Here's the brief amici curiae submitted by five law professors who teach constitutional law, in Horne v. United States Dep't of Agriculture, No. 12-122 (cert. granted. Nov. 20, 2012), supporting the petitioner/property owner. In that case, the Ninth Circuit held the District Court had no jurisdiction to hear a takings defense to the USDA's imposition of a fine, and the only way to raise a takings claim was for the Hornes to institute separate litigation in the Court of Federal Claims for compensation.
Their brief makes two points. First, that Williamson County is "mistaken," and there's nothing standing in the way of the Hornes asserting a takings defense. Second, the Tucker Act does not require the Hornes to raise their takings claims only in the context of a suit for just compensation.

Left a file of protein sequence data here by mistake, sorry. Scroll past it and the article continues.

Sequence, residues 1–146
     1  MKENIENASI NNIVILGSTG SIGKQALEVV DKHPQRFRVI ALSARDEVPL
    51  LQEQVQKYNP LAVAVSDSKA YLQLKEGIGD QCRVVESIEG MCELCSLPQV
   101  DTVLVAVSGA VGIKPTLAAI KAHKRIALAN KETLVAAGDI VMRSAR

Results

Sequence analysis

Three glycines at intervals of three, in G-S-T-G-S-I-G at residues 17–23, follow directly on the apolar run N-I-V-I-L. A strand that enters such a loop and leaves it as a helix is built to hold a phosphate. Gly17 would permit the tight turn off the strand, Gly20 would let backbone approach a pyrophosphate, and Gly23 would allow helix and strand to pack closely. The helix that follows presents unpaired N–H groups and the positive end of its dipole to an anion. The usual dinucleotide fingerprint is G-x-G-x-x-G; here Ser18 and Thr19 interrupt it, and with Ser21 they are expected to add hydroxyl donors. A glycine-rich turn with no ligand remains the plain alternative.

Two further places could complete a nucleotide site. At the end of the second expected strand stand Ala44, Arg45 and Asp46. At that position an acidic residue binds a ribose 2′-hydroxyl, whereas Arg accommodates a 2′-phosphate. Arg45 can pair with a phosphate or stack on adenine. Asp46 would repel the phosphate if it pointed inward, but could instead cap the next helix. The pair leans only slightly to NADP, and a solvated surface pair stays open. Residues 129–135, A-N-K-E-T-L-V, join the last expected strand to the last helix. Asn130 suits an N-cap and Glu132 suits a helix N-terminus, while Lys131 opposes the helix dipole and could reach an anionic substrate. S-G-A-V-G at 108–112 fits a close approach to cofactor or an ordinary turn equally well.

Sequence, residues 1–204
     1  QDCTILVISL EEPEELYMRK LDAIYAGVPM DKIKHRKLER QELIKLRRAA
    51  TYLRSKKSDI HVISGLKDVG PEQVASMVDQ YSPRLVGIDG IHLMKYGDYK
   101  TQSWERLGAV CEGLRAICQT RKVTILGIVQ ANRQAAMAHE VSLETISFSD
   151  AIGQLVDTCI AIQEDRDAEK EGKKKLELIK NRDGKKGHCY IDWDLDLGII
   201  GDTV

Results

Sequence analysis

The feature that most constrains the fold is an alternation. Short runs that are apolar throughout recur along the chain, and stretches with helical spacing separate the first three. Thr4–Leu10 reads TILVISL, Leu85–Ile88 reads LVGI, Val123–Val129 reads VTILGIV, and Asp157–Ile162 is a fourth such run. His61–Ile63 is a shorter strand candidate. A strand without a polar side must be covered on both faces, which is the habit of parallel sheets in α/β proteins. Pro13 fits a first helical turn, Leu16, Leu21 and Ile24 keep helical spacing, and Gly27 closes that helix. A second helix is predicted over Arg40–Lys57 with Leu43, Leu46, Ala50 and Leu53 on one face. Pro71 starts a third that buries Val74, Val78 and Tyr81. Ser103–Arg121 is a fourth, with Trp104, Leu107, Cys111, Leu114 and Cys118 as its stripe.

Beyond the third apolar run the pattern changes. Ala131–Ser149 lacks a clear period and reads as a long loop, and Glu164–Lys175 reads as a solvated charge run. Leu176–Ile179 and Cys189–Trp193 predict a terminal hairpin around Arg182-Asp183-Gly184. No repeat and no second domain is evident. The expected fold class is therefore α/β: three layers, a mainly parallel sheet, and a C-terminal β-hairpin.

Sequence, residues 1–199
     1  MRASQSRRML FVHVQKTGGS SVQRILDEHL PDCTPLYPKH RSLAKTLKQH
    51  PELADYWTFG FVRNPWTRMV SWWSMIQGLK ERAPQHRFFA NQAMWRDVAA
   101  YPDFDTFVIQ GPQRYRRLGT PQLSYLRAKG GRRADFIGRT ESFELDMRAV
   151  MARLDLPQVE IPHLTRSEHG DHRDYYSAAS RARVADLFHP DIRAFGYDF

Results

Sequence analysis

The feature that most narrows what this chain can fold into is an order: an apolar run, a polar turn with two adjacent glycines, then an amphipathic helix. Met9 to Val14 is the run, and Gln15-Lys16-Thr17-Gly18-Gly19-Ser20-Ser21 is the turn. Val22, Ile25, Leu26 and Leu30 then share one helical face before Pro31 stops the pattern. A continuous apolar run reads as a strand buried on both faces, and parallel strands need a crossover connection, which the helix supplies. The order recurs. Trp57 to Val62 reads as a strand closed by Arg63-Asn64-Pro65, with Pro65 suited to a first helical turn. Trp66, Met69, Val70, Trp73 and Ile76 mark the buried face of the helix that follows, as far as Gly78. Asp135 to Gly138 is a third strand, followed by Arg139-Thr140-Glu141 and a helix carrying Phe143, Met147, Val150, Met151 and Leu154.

Simply put, Williamson County’s second "ripeness" requirement is a mistake.Williamson County’s constitutional ripeness rule confuses the question of ripeness with the question of remedies. That is, Williamson County took a requirement for when equitable relief is generally available—there must be no adequate remedy at law—and converted it into a constitutional ripeness holding. Properly understood, the availability of an adequate remedy at law is a remedial question, not a jurisdictional one.
Br. at 77. Worth reading.
The petitioners' brief is here. The amicus brief filed by Texas is here. The brief filed by the Cato Institute, the NFIB, the Center for Constitutional Jurisprudence, and the Reason Foundation is here.